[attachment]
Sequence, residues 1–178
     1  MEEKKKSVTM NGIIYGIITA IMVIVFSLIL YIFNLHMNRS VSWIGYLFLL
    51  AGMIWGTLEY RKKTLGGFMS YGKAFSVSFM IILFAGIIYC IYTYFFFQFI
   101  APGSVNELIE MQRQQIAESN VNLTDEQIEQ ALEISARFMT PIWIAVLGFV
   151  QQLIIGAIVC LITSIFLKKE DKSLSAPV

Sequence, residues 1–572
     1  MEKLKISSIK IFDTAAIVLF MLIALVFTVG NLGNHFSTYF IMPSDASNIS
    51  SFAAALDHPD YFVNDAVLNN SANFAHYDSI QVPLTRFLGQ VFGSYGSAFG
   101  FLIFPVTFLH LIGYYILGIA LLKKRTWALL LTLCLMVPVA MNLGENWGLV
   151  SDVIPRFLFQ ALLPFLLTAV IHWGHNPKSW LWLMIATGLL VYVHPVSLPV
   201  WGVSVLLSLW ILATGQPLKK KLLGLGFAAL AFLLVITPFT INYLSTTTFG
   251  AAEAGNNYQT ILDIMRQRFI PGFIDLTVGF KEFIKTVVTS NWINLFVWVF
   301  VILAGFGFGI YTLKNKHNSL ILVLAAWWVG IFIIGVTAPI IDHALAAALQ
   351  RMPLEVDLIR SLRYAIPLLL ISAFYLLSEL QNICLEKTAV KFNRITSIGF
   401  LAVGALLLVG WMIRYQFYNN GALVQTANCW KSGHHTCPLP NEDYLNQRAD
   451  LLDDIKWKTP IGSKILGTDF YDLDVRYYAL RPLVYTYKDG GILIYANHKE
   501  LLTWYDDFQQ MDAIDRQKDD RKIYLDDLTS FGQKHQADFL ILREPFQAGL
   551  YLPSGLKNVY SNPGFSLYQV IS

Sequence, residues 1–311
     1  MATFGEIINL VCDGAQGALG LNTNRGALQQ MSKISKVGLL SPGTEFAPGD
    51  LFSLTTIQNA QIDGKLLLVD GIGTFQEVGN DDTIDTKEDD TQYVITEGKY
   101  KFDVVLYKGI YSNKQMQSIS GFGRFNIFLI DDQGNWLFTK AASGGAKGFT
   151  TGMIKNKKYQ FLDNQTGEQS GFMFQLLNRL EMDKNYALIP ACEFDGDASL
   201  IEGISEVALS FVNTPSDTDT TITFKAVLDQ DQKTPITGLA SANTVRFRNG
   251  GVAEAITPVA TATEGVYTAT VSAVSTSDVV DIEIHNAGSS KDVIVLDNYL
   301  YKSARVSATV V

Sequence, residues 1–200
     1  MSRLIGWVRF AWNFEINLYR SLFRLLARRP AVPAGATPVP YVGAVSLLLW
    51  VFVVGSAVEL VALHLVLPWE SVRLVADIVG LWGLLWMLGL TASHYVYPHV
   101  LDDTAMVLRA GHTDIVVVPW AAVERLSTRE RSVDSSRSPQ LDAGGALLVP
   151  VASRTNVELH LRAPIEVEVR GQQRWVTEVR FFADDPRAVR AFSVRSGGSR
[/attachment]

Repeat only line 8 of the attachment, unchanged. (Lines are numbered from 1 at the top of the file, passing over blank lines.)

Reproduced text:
    51  SFAAALDHPD YFVNDAVLNN SANFAHYDSI QVPLTRFLGQ VFGSYGSAFG